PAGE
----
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Books: From building for wellbeing to designing for tight spaces

Examining the US healthy building context; a room by room breakdown on how to make the best use of space; and the latest academic research into timber construction, three book reviews

Building for Well-being: Exploring Health-Focused Rating Systems for Design and Construction Professionals
Traci Rose Rider and Margaret van Bakergem 
Routledge, 239p, PB, £48.99

Since both authors are North Carolina University trained LEED, WELL or Fitwel accredited architectural academics, it’s no surprise that this text primarily examines the US healthy building context. They themselves make the distinction between ‘green’ and ‘healthy’ as the former tends to have clearly measurable outcomes and the latter far less so. Initially critiquing the current context, the authors move on to analysing the three building standards, both individually and comparatively. This will prove to be an authoritative but dense text, with diagrams few and far between – to which the easily distracted might cling like limpets in the wave of information.

Squeezing It In: Design for Compact Spaces
Mary Leslie 
RIBA Publishing, 169p, HB, £40

In her acknowledgements, the author reveals that she started researching this book in 2018. Given everything that has happened in the meantime, it seems like she was bang on the money. People have had two years to come to understand the limitations of their own homes and Leslie’s book, it seems, is here to help them to sort that out. The publication breaks each room in the house into chapters and serves up dozens of example of each, complete with plans and sections. It turns out to be a fun and eclectic trawl through the world of functional and compact design. But the emphasis here is on comfort rather than stoicism. Minimalists, look away now!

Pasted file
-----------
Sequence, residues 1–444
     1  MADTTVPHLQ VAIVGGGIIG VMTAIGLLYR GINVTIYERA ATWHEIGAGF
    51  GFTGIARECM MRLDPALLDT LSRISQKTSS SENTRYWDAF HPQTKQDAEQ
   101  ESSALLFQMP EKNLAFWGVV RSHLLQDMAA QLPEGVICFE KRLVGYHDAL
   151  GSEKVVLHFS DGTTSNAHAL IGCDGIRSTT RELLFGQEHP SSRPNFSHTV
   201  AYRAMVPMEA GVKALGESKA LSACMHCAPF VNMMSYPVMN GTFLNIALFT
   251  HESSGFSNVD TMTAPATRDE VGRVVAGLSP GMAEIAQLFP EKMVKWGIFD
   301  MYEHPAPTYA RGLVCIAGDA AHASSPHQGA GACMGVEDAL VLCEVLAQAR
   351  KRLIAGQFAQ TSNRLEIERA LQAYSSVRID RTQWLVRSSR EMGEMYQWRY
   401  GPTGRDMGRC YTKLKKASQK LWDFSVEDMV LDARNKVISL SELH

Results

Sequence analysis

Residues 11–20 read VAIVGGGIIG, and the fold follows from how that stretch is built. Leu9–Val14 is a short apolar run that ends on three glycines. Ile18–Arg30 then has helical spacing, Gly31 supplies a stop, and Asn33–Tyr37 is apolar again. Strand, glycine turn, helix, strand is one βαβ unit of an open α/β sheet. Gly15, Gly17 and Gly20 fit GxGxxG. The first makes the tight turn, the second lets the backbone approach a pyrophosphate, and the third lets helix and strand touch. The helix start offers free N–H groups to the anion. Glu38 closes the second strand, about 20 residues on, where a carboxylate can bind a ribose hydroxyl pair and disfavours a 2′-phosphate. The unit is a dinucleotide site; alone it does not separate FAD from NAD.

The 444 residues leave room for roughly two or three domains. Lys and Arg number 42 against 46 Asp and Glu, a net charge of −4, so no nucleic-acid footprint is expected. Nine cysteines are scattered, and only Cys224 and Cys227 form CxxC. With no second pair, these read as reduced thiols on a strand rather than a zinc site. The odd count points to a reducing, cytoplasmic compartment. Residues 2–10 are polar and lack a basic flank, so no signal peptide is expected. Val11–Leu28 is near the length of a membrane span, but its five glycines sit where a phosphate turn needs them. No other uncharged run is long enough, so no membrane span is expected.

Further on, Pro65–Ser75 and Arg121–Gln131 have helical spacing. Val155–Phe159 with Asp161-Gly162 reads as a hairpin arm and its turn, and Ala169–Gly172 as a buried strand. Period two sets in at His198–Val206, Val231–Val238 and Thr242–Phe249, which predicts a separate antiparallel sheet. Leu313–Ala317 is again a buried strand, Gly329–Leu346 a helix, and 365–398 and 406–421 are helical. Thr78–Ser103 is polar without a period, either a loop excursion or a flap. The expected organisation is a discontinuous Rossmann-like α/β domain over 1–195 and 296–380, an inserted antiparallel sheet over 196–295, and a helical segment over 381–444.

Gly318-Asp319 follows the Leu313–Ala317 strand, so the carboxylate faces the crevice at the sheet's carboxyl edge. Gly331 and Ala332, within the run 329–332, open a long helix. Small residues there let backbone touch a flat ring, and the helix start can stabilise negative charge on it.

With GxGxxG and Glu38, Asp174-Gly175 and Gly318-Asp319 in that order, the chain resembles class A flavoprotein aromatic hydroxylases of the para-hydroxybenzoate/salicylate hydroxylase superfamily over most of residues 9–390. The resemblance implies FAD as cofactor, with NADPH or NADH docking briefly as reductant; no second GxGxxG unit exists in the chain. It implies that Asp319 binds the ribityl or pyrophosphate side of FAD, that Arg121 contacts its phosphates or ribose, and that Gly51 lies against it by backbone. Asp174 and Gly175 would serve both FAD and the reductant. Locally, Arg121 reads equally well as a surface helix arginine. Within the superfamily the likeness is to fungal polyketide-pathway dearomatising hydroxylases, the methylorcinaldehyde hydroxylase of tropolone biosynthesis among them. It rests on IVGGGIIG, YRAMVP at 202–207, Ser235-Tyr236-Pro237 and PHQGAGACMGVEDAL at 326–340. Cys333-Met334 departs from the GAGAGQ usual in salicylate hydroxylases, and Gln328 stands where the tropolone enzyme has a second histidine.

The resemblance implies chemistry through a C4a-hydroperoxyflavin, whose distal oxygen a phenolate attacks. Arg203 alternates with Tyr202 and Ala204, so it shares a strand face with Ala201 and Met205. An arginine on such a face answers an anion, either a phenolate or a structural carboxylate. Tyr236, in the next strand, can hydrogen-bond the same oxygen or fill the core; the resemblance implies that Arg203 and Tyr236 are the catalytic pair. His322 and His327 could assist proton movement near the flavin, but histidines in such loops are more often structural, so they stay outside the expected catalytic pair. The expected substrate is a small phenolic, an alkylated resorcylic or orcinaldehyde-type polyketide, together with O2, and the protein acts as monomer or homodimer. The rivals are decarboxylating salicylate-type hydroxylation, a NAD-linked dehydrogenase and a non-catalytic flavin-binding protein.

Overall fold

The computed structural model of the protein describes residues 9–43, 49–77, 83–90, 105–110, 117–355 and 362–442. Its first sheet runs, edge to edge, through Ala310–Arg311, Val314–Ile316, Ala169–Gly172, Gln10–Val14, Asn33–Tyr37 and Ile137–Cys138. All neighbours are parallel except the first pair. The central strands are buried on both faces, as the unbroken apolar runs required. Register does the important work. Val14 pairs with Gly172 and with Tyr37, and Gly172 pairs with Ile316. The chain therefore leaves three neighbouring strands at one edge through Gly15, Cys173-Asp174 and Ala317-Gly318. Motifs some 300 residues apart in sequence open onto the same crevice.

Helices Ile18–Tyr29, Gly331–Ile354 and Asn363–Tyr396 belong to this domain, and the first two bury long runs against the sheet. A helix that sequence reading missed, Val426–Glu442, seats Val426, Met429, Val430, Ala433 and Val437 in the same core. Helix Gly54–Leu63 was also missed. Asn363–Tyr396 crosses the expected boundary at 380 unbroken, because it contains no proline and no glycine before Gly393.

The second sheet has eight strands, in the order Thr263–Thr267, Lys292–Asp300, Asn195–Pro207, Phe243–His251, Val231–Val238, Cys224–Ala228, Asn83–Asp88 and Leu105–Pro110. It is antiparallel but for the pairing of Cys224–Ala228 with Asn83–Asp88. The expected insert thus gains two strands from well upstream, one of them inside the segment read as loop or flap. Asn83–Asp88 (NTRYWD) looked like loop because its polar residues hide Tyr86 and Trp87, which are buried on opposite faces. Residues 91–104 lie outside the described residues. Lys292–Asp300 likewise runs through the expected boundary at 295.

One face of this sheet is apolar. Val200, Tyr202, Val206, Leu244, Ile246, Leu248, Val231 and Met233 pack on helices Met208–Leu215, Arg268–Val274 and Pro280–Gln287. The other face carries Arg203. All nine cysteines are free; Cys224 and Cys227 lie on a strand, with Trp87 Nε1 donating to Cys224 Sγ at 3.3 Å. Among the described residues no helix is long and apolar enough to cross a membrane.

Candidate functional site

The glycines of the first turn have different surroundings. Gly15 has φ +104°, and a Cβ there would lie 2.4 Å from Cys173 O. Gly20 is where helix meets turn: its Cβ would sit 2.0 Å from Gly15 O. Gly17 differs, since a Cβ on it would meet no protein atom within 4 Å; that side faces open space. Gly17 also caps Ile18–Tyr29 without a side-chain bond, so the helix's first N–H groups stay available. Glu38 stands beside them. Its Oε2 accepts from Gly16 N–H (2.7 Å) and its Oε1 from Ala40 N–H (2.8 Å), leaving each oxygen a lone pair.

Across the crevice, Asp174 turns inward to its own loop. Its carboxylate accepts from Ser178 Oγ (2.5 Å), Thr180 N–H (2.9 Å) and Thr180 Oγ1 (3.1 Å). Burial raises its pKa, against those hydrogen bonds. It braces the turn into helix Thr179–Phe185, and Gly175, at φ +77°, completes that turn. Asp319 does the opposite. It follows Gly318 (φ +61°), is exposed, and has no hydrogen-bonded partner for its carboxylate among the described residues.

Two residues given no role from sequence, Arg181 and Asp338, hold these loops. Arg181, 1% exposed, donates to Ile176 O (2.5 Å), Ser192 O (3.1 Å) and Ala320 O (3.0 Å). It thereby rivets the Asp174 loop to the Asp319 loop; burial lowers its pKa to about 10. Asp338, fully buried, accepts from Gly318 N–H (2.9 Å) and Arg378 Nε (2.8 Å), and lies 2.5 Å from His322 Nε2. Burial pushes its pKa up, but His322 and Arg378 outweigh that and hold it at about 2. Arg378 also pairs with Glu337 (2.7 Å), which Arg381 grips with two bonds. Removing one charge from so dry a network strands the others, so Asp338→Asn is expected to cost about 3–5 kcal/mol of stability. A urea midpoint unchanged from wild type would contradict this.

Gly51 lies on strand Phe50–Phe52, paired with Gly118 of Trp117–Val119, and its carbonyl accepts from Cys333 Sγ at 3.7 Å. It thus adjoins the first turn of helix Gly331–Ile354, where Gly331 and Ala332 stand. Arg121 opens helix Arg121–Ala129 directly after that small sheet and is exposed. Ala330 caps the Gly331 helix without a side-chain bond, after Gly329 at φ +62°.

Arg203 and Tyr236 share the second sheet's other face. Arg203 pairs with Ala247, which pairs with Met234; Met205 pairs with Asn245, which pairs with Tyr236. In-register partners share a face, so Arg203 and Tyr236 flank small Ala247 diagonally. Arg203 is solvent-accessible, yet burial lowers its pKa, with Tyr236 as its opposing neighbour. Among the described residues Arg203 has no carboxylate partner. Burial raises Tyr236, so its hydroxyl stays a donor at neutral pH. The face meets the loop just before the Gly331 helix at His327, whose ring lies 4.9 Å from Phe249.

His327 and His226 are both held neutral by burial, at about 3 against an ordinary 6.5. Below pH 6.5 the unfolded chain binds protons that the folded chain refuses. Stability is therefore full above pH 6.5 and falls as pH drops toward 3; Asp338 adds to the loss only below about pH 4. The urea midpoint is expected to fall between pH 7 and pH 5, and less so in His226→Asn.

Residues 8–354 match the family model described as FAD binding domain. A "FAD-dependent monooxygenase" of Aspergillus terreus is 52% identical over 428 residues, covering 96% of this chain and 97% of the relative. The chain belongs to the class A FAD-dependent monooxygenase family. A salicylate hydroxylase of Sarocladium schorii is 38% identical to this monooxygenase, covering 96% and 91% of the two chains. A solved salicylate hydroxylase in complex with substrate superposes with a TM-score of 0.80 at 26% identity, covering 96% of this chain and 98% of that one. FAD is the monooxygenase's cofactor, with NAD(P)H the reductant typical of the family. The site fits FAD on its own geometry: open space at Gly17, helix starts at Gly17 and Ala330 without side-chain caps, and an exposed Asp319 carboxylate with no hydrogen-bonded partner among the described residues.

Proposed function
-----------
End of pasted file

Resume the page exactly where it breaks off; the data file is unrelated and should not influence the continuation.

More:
Crafting Wood: Structure & Expression
Urs Meister, Carmen Rist-Stadelmann & Machiel Spaan eds

Park Books, 160p, PB, £35
Most architects would be rolling eyeballs at the quick succession of terms like ‘interdisciplinary co-operation’, ‘building praxis’ and ‘taxonomy of components;’ but this is Park Books, and one seems to just skim over them to enjoy the richness of imagery and drawings, delicately blanched on creamy, bespoke-format paper. The book is the culmination of three European universities’ joint research into timber construction; be it rationalising, jointing or cladding; and whether that be in model form, mock-up or fully realised construction. Full of beautifully rendered ideas by bright-eyed, bushy-tailed and optimistic students, it’s probably a good crib book for your next rear extension or masterplan presentation.

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